In the latter group, all of the thrombotic episodes occurred whilst on heparin. It would seem that the use of warfarin for anticoagulation in pregnant patients with prosthetic valves offers the best protection against thrombosis whilst first trimester substitution for heparin offers a great deal of protection to the unborn baby from the teratogenic effects of warfarin. There is also evidence that the use of aspirin (150mg once daily) can further reduce the risk of thrombosis in high-risk patients.6
Preconception counselling to enable early discussion of the additional risks that pregnancy may place on the heart should be seriously considered in women with known cardiac disease. Once pregnant, decisions on which approach to take must be discussed early and communicated to all involved in the care of her pregnancy. She should be informed of the potential risks and benefits of each option especially in the light of her own individual circumstances which may influence the risk of prosthetic valve thrombosis. Such factors include: position of valve (e.g. mitral vs. aortic), age and function of the mechanical valve, history of thromboembolic event while anticoagulated, atrial fibrillation and likely compliance with the different anticoagulation therapies.
As soon as her pregnancy is confirmed she is commenced on LMWH (tinzaparin, 7500 units twice daily) and her warfarin is stopped. Warfarin is recommenced at 16 weeks gestation and stopped at 36 weeks at which time she is re-started on LMWH (enoxaparin 90 mg twice daily). The different LMWH agents used reflected the different pharmaceutical formulations available to her primary and secondary care institutions. Aspirin 150 mg once daily is also administered during the periods she receives LMWH.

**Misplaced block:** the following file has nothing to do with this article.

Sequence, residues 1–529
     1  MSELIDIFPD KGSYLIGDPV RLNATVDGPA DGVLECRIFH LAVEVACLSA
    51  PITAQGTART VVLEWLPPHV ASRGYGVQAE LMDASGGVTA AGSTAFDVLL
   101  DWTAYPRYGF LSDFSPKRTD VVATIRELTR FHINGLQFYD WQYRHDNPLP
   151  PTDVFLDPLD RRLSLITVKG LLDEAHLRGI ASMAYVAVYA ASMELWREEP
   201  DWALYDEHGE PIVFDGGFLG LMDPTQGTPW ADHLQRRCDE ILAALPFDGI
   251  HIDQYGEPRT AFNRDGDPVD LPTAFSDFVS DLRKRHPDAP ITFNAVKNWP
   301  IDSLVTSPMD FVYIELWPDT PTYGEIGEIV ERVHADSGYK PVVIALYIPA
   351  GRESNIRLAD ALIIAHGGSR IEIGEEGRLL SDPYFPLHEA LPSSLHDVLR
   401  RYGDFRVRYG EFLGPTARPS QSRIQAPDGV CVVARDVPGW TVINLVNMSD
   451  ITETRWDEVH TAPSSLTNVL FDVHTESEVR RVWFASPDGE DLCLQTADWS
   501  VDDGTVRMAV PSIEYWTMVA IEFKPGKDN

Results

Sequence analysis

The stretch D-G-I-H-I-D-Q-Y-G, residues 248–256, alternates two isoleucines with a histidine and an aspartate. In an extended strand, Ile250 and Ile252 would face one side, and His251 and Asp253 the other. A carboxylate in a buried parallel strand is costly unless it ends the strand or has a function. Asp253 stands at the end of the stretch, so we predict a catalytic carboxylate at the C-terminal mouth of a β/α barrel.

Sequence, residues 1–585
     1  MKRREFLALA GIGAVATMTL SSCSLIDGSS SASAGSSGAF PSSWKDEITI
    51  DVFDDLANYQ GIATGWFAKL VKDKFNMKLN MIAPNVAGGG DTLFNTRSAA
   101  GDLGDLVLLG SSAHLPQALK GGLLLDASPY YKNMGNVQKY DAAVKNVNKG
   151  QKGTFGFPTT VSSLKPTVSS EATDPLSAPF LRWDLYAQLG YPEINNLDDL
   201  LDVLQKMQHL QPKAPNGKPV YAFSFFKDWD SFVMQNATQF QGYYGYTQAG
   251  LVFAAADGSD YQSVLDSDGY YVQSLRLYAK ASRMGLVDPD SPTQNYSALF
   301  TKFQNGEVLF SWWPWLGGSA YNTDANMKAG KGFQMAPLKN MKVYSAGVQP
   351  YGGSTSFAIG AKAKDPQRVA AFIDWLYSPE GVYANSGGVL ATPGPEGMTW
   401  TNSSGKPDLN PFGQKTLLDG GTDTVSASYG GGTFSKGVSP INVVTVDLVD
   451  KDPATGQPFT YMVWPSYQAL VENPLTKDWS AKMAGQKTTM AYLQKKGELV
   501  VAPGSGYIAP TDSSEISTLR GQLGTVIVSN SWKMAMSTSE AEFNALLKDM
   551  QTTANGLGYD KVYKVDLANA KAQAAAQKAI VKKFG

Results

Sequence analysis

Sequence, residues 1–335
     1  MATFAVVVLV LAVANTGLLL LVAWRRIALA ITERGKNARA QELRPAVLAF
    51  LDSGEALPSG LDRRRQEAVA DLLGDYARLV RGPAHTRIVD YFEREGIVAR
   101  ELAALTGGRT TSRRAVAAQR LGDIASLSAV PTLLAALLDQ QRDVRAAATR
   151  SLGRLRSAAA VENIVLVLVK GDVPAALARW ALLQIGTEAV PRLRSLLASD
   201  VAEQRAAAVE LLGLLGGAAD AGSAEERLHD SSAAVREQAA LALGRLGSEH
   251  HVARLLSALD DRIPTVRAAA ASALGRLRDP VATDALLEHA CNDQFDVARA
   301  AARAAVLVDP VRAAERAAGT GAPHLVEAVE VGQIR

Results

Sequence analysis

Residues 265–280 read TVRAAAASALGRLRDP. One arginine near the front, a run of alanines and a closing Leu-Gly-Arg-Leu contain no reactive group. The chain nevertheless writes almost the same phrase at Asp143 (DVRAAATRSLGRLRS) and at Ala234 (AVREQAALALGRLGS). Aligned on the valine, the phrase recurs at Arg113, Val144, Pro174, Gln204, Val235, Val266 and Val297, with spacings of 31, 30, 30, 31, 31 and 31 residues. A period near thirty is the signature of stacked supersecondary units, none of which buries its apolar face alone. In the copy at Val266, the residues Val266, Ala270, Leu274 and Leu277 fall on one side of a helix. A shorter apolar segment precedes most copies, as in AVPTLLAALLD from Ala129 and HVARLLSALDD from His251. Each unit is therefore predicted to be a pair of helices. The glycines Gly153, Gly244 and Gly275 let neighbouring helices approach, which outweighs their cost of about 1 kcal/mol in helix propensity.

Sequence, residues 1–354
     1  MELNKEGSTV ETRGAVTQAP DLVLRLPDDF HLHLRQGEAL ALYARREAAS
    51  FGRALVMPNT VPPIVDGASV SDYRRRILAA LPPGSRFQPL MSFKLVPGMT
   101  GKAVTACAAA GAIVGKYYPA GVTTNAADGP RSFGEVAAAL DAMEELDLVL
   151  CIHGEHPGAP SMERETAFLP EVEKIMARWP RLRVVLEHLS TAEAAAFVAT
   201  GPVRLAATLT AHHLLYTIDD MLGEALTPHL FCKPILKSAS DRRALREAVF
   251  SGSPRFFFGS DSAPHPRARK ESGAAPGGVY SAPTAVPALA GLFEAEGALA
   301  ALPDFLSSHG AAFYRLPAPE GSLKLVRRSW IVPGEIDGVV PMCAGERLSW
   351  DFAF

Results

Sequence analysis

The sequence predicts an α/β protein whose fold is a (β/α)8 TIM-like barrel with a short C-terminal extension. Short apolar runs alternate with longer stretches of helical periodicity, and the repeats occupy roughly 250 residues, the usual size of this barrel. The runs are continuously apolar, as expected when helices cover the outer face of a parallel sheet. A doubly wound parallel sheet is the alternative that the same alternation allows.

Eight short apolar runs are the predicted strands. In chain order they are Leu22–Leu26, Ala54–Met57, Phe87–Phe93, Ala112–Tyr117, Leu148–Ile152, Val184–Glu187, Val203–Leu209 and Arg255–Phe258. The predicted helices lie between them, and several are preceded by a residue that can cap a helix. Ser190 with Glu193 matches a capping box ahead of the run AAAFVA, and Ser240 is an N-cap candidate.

Is it necessary to monitor LMWH therapy in this case and if so how can that be performed?
An advantage of treatment with LMWH is that monitoring of anticoagulation therapy is often not required due to the more predictable dose response compared to UFH. Dosing is usually calculated based on the weight of the patient but it has been shown that requirements increase as pregnancy progresses.7 Proposed mechanisms for this effect include the increased glomerular filtration rate in pregnancy (LMWH is renally excreted), the increased volume of distribution (there is a 35-40% increase in plasma volume as pregnancy progresses) and the action of placental heparinases.
Whilst UFH interacts with anti-thrombin III to inhibit all components of the intrinsic pathway of coagulation, LMWH effectively blocks only factor Xa. A blood test can be performed at standardised intervals after LMWH administration to assess the anti-Xa levels as a marker of anticoagulation. Anti-Xa monitoring is useful in patients with renal impairment, extremes of weight and those on long-term therapy as well as high-risk cases like the patient described here.
An anti-Xa level around 1 IU/ml assayed from a blood test taken 4 hours after LMWH administration is considered to represent adequate therapeutic anticoagulation by many laboratories.
At 38 weeks gestation she is admitted to the delivery suite for a planned induction of labour. Her enoxaparin dose is omitted on this day with a view to recommencing anticoagulation following delivery.
The haematology department is informed of her admission to hospital so that they can assist with laboratory monitoring of her coagulation status and provide advice in case complications arise. Blood for full blood count and coagulation is taken and a therapeutic anti-Xa level of 1.2 IU/ml is reported.